CAIRO (Reuters, AFP) - At least 17 people were killed in an Alexandria church bombing on Sunday (April 9), hours after a bomb killed 27 worshippers in another church in Egypt, the health ministry said.
Thirty-five people were wounded in the Alexandria blast, which has been claimed by the Islamic State group (ISIS), at Saint Mark's church where Coptic Pope Tawadros II had been attending a Palm Sunday Mass.
A Coptic Church official said that Tawadros had left the church before the blast and was not injured. The church is symbolic as it is the seat of the Pope of Alexandria, head of the Coptic Church.
"These acts will not harm the unity and cohesion of the people," he was later quoted as saying by state media.
The BBC reported the Pope's secretary as saying that the attack had been carried out by a suicide bomber outside the church.
According to media reports, the authorities are searching the area for possible explosives that may still be in the vicinity.
ISIS has claimed responsibility for the attack, said the Amaq News Agency, which is affiliated with the extremist group.
An earlier blast at a church in Tanta, north of Cairo, killed 27 people and wounded 78, the health ministry said, in an apparent attack on Coptic worshippers. That attack has also been claimed by ISIS.
Copts, who make up about one tenth of Egypt's population of more than 92 million and who celebrate Easter next weekend, have been targeted by several attacks in recent months.
Pope Francis is due to visit Cairo on April 28-29 to show solidarity with Egypt's Christian community.
ISIS said two of its fighters wearing suicide vests carried out the attacks, and it warned of more to come.
"Crusaders and their apostate allies should know the bill between us and them is very big and they will pay it with rivers of blood from their children, god willing. Wait for us, for we will wait for you," the group said in a statement.
In a televised speech addressing the nation, Sisi declared a three-month countrywide state of emergency, subject to parliamentary approval, and called for national unity and urged the media to refrain from coverage that could be harmful.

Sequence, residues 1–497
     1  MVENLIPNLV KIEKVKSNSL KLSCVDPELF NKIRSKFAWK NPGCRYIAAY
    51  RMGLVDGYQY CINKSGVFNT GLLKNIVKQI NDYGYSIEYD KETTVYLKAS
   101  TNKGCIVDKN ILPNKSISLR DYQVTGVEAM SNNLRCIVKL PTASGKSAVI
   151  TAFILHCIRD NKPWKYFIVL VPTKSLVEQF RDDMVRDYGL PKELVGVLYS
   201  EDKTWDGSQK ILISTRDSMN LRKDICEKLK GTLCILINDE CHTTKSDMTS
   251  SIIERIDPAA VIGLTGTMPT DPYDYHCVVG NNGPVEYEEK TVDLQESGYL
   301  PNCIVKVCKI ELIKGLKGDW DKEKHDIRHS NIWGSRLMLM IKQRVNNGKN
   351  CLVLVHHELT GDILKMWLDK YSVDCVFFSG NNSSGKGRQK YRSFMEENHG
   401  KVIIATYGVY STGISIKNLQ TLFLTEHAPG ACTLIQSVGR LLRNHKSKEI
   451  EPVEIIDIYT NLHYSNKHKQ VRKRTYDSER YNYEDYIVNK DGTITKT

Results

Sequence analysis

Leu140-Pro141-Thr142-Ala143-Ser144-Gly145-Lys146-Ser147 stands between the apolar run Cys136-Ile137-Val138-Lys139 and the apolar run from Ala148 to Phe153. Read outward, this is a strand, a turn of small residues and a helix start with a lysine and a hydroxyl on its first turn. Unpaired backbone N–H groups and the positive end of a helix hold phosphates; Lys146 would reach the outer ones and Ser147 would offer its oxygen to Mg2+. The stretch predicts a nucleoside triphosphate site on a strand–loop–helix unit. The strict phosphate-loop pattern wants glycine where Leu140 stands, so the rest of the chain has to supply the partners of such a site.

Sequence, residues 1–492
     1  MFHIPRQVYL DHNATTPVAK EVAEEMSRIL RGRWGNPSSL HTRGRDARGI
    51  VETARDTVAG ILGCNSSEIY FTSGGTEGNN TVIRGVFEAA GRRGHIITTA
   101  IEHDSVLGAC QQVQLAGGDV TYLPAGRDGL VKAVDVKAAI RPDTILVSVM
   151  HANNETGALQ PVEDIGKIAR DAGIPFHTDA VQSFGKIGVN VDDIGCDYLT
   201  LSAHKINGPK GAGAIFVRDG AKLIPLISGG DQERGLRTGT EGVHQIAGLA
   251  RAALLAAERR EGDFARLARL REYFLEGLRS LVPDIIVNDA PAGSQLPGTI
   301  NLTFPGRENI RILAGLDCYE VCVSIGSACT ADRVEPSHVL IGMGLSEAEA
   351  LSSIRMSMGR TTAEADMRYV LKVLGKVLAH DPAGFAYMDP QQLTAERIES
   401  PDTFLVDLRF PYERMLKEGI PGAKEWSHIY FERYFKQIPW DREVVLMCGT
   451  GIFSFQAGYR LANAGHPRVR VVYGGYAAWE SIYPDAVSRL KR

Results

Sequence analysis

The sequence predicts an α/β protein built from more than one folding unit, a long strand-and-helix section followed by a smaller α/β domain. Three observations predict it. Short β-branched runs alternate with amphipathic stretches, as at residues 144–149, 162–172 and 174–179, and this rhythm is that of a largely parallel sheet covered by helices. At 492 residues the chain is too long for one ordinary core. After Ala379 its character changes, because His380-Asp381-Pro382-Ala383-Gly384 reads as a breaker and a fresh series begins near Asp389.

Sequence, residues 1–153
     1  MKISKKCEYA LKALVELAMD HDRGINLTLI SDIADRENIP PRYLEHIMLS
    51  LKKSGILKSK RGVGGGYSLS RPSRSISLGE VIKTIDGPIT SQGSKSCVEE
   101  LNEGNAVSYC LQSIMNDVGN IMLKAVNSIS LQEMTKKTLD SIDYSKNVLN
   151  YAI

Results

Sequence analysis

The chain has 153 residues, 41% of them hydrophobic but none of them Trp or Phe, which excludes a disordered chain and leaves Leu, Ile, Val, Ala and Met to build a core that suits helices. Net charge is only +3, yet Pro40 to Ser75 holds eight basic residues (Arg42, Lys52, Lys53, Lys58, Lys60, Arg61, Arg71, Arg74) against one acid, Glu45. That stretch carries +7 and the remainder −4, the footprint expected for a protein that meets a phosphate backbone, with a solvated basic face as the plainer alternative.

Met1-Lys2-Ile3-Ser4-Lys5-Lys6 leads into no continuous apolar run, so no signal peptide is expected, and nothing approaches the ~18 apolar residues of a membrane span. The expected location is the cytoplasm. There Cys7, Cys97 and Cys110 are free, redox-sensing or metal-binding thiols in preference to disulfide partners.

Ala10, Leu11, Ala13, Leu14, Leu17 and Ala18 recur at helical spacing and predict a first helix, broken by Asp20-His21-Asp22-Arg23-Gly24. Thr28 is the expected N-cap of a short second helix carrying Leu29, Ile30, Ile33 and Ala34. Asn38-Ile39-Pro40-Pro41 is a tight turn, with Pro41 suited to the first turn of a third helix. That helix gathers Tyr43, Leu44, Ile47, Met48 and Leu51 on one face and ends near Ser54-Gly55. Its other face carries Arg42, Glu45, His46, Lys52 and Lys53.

"Deal with the issue with credibility, and responsibility and awareness," he said of the media coverage. "It's not right what I'm seeing being repeated on all of our channels, and you know this hurts Egyptians."
Sisi also ordered troops be immediately deployed to assist police in securing vital facilities, a rare move for the general-turned-president, who as defence chief led the military's 2013 ouster of the Muslim Brotherhood's President Mohamed Mursi.
Deflecting Western criticism that he has suppressed political opposition and human rights activists since he was elected in 2014, Sisi has sought to present himself as an indispensable bulwark against terrorism in the Middle East.
"The attack...will only harden the determination (of the Egyptian people) to move forward on their trajectory to realise security, stability and comprehensive development," Sisi said in a statement.
President Trump, who hosted Sisi last week in his first official visit to the US, expressed support for a leader he has said he plans to work more closely with on fighting Islamist militants, who Sisi identifies as an existential threat.
"So sad to hear of the terrorist attack in Egypt. US strongly condemns. I have great confidence that President Al Sisi will handle situation properly," Trump wrote on his official Twitter account.
The ISIS branch in Egypt has stepped up attacks and threats against Christians, who comprise about 10 percent of Egypt's 90 million people and are the biggest Christian minority in the Middle East.
In February, scores of Christian families and students fled Egypt's North Sinai province after a spate of targeted killings. Those attacks followed one of the deadliest on Egypt's Christian minority, when a suicide bomber hit its largest Coptic cathedral, killing at least 25 people. Islamic State later claimed responsibility for that attack.
ISIS has waged a low-level war against soldiers and police in Egypt's Sinai Peninsula for years but is now targeting Christians and broadening its reach into Egypt's mainland. That is a potential turning point in a country trying to prevent a provincial insurgency spiralling into wider sectarian bloodshed.
Although Copts have faced attacks by Muslim neighbours, who have burnt their homes and churches in poor rural areas, in the past, the community has felt increasingly insecure since Islamic State spread through Iraq and Syria in 2014.
"Of course we feel targeted, there was a bomb here about a week ago but it was dismantled. There's no security," said another Christian woman in Tanta in reference to an attack earlier this month near a police training centre.
Wahby Lamie, one of whose nephews was killed and another injured in the Tanta blast, expressed exasperation.
"How much longer are we going to be this divided? Anyone who's different from them now is an infidel, whether they're Muslim or Christian. They see them as infidels," he said. "How much longer are these people going to exist? And how much longer will security be this incompetent?"